By tackling the disease in three steps, a British research team has probably developed a cure for HIV. A 44-year-old man underwent treatment, and the dreaded virus is no longer detectable in his body.
36.7 million people worldwide are infected with HIV, but now there is hope for all these people who carry the virus.
A 44-year-old British man was recently healed - the first ever. He is the first of 50 test subjects who have undergone the new type of treatment.
Kick and kill
HIV attacks a certain type of T cells - CD4 cells - that are an important part of the immune system. The CD4 cells localize a disease and tell the CD-8 cells - the deadly T cells - where the disease is located.
But because the CD4 cells are being attacked, the killer cells cannot find the virus. Moreover, a part of the affected cells goes into a dormant state, making the virus even more difficult to control.
The new treatment method tackles the disease that is difficult to detect in three steps. The researchers at Britain's National Institute for Health Research speak of a 'kick and kill strategy'.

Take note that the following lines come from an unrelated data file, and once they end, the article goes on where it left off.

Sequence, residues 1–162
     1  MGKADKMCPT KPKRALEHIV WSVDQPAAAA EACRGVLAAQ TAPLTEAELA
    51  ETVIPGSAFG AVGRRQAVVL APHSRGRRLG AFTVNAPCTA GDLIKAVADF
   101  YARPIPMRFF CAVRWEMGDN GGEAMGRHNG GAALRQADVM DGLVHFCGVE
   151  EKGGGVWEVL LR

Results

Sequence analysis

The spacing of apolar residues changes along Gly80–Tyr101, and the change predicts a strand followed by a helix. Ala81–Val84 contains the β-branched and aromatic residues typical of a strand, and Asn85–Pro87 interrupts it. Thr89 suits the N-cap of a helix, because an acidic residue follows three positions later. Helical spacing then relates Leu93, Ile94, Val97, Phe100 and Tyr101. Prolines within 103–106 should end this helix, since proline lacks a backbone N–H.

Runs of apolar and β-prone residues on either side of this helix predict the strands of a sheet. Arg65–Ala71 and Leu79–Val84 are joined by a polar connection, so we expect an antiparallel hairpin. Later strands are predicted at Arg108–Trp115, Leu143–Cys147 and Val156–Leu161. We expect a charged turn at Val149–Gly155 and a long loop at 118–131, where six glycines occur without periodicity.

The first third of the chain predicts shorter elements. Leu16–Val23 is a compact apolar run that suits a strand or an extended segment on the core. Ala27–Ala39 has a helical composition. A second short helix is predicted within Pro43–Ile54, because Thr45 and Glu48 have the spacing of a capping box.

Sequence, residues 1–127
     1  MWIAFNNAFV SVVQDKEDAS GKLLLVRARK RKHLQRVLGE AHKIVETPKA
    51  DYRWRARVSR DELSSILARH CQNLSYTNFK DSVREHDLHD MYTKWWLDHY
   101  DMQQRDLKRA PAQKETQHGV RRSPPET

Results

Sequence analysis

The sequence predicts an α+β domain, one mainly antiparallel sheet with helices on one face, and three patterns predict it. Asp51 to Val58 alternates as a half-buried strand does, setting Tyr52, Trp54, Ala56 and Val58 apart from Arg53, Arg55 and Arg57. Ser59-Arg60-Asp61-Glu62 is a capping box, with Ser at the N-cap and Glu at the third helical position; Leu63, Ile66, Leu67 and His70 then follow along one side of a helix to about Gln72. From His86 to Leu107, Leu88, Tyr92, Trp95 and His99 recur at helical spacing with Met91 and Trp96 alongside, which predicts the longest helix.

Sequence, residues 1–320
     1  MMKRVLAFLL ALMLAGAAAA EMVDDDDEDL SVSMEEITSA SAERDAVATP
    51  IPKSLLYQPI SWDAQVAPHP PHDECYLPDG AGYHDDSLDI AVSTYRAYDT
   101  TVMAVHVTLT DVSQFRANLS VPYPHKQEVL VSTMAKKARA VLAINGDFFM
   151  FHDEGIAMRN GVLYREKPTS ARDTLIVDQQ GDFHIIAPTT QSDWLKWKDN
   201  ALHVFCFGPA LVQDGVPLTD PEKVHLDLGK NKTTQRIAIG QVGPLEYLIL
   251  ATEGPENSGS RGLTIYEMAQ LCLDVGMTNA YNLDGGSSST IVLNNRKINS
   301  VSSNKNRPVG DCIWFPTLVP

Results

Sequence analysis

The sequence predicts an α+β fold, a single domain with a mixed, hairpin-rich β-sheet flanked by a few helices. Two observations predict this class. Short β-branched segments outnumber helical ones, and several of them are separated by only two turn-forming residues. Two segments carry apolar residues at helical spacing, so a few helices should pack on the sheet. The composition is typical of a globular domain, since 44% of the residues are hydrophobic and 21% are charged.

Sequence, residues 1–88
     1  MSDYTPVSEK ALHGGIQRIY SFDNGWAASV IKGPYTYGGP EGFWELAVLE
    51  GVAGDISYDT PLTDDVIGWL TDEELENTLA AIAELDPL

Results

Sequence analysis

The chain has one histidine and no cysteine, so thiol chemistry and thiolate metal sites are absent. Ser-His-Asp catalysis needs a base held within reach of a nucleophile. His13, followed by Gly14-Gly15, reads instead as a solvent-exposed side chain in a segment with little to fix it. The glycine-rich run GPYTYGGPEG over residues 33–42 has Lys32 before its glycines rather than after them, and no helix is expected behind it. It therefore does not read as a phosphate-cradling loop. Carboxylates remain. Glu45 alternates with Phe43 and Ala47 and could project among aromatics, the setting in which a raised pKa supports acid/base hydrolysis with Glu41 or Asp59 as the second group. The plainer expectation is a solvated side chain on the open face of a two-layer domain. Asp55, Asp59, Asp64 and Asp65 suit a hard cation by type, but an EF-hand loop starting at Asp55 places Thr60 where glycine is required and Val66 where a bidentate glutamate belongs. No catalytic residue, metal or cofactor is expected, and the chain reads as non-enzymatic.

Sleeping cells are awakened
In the first step, the patient is treated with a retrovirus, which ensures that the infected cells do not divide and spread the disease further.
In the second step, the patient is injected with a virus that strengthens the immune system and enables it to fight HIV more effectively.
Finally, the patient receives vorinostat - a medicine that wakes infected cells out of their dormant state and triggers the enhanced immune system to detect and clear up the disease.
Despite the first positive results, the scientists are reluctant and do not speak of a cure, because they do not yet know the long-term prognosis.